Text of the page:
The weakness of the global economic recovery was underlined this morning by figures showing GDP growth in Germany slowed to 0.1% between the first and second quarters of 2011, about a fifth of the rate expected by forecasters.
As for the annual rate of growth, that slowed to 2.8% - which, however, still looks handsome compared with UK growth.
It is the trend that counts. And the German trend doesn't look encouraging, which - with Germany as the economic motor of the eurozone - augurs ill, particularly since this performance pre-dates the share-market slump of the past fortnight that will have dented the confidence of consumers and businesses.
Or to put it another way, there is no serious momentum in economic activity that gives endless time to the leaders of the eurozone to agree measures that will provide reassurance to creditors and investors that Spain and Italy - inter alia - will ultimately be able to pay all their debts.
Unsurprisingly shares across Europe have fallen this morning. And if market confidence is bashed as much as it may be, there will be a flight away from debt perceived to be riskier - so the European Central Bank will doubtless have to redouble efforts to buy Spanish and Italian government bonds, to prevent the borrowing costs of the Spanish and Italian governments moving back up to dangerous levels.
But there may come a moment when the ECB decides that enough of its balance sheet is invested in Spanish and Italian public-sector debt. At its current buying rate of £4.4bn of eurozone government bonds per day, equivalent to an annual buying rate of more than one trillion euros, how long before the ECB's exposure to potential credit losses on sovereign loans of questionable quality becomes embarrassingly large - the kind of direct exposure that no central bank would wish to have?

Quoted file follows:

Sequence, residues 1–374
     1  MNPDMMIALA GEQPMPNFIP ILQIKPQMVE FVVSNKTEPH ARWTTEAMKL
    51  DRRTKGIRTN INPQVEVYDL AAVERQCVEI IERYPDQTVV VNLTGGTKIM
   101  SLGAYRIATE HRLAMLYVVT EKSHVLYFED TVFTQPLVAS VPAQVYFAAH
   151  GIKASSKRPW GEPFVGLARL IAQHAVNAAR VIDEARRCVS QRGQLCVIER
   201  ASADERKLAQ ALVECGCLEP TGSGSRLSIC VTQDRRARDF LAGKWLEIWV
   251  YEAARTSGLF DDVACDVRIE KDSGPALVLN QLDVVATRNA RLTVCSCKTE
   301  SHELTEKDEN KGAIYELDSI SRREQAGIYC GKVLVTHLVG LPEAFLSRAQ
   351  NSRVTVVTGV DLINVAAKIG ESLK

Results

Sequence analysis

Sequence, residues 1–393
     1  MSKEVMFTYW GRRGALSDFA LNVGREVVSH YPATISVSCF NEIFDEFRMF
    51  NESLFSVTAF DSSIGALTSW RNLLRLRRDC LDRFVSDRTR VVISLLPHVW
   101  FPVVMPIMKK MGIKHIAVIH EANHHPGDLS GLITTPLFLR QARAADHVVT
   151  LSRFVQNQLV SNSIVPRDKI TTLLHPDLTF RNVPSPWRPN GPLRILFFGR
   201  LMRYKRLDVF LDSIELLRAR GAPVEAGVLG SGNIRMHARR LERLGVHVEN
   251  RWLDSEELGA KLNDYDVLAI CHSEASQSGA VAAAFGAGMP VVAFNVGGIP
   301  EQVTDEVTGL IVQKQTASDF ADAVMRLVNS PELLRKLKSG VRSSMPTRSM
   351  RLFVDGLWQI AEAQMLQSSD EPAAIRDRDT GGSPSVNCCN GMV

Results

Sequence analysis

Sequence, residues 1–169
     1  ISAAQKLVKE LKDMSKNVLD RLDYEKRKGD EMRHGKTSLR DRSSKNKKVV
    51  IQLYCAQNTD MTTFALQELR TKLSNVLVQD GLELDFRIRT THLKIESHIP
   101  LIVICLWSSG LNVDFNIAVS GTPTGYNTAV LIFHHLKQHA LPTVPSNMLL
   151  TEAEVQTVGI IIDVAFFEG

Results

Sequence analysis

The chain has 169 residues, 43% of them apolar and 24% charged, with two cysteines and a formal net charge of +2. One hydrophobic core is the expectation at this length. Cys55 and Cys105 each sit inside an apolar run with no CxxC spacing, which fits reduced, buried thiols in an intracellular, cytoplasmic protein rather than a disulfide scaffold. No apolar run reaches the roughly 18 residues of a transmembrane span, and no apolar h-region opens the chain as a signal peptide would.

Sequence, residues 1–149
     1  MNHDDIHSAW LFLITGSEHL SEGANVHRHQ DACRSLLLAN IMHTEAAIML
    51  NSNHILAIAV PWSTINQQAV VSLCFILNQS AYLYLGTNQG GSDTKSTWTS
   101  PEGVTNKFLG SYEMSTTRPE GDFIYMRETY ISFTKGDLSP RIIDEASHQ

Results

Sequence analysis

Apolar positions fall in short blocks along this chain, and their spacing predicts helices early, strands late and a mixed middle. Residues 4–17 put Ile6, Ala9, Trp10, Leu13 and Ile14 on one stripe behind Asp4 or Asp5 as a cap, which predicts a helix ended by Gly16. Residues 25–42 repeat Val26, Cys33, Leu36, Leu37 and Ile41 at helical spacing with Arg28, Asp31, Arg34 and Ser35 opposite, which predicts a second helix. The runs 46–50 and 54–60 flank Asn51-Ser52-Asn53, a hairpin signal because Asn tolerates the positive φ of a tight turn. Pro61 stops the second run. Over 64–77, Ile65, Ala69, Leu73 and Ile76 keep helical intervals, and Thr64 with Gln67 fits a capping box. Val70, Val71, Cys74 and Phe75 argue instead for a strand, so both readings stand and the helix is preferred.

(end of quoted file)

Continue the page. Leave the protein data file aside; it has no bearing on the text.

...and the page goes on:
All of which just adds to the burden of responsibility on the French president and the German chancellor as they meet today, to at least avoid saying anything in public that exacerbates the fears that the eurozone remains a whole philosophy way from having an answer to its debt-induced woes (see my post of yesterday for more on this).
Interestingly, the tone of an article in today's FT by Christine Lagarde, the managing director of the IMF, seems to imply that stimulating short-term growth is now perceived by the IMF to be more important than immediate deficit reduction - which is not quite the same message as that of the British Chancellor, George Osborne, in his newspaper article of the previous day.
The central claim in her article was this one:
"We should remember that markets can be of two minds: while they dislike high public debt - and may applaud sharp fiscal consolidation - as we saw last week they dislike low or negative growth even more."
Sadly it is impossible to prove whether her contention is correct: as I've mentioned before, depending on the time of day, investors and creditors seem by turns more frightened by the Scylla of unsustainable debt and then petrified by the Charybdis of possible recession.
The path between the treacherous rocks would be less fraught if the great surplus countries, Germany and China, did more to stimulate their domestic economies. But even if they were to do that, it leaves unresolved the great British debate - about whether the UK's indebtedness is so great, and the confidence of investors in our credit-worthiness so fragile, that the chancellor dare not cut taxes or increase job-creating infrastructure investment.